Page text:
To ensure fairness and accuracy, competency tests are typically developed using rigorous scientific methodologies, including extensive research on job-related competencies that lead to success. Moreover, these assessments are often validated for reliability and cultural relevance, ensuring that they do not discriminate against specific groups based on factors such as race, gender, or educational background.

In conclusion, a competency test is an essential tool for organisations aiming to create a skilled, motivated, and diverse workforce. By accurately evaluating individuals' competencies, employers can make well-informed talent management decisions that contribute to overall business success and organisational growth.

A psychometric evaluation is a scientific assessment method designed to measure an individual's cognitive abilities, personality traits, and behavioural patterns. These evaluations are primarily used in organisational settings to assist in making more informed decisions regarding talent acquisition, development, and management. By examining various aspects of an individual's mental capabilities and personality, psychometric evaluations help employers gain a deeper understanding of a candidate's potential for success in a particular role, as well as their compatibility with the organisational culture and team dynamics.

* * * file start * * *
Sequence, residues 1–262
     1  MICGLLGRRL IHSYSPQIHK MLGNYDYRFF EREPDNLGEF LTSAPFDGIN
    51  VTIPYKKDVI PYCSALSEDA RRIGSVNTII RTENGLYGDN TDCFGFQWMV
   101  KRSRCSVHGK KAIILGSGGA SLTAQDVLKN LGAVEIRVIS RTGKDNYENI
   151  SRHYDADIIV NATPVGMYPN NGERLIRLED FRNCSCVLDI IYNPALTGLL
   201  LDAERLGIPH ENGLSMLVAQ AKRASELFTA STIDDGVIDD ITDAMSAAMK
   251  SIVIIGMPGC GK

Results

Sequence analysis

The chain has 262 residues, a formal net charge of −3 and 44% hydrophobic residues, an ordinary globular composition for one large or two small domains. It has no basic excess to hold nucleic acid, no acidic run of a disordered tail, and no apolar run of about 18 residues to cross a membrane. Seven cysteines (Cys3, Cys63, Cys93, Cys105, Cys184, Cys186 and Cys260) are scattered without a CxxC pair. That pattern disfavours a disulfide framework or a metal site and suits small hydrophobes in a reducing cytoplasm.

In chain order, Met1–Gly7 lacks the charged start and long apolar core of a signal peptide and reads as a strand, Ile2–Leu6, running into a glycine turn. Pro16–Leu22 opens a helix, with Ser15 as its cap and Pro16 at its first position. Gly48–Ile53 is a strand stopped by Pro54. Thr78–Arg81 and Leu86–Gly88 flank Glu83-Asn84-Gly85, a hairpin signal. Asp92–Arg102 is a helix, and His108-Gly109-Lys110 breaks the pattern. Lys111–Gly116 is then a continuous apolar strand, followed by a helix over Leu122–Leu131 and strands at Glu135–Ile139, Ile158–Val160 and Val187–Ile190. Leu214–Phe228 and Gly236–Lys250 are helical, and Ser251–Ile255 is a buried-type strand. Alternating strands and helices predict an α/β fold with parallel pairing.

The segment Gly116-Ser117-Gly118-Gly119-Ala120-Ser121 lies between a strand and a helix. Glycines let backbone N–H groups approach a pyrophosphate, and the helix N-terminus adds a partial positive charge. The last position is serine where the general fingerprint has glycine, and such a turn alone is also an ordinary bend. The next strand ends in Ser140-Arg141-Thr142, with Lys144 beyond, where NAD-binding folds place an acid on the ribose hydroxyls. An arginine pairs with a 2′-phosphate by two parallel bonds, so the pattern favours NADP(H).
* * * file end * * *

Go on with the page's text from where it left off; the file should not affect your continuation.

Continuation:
Psychometric evaluations typically consist of standardised tests and questionnaires, which are developed and validated by experts in the fields of psychology, psychometrics, and human resources. These assessments measure a range of skills and traits, including problem-solving, verbal and numerical reasoning, emotional intelligence, and work-related values and motivations. The results of a psychometric evaluation provide valuable insights into an individual's strengths and weaknesses, enabling employers to make more informed and objective decisions in areas such as recruitment, talent development, and performance management.

One of the key benefits of psychometric evaluations is their ability to reduce biases and promote fairness in the evaluation process. By using objective, scientifically validated measures, organisations can ensure that their HR decisions are based on accurate and reliable data rather than on personal opinions or perceptions. Additionally, psychometric evaluations can help increase the efficiency of the talent management process by providing organisations with a wealth of information about job candidates and existing employees in a relatively short amount of time.

In conclusion, psychometric evaluations are valuable tools for organisations.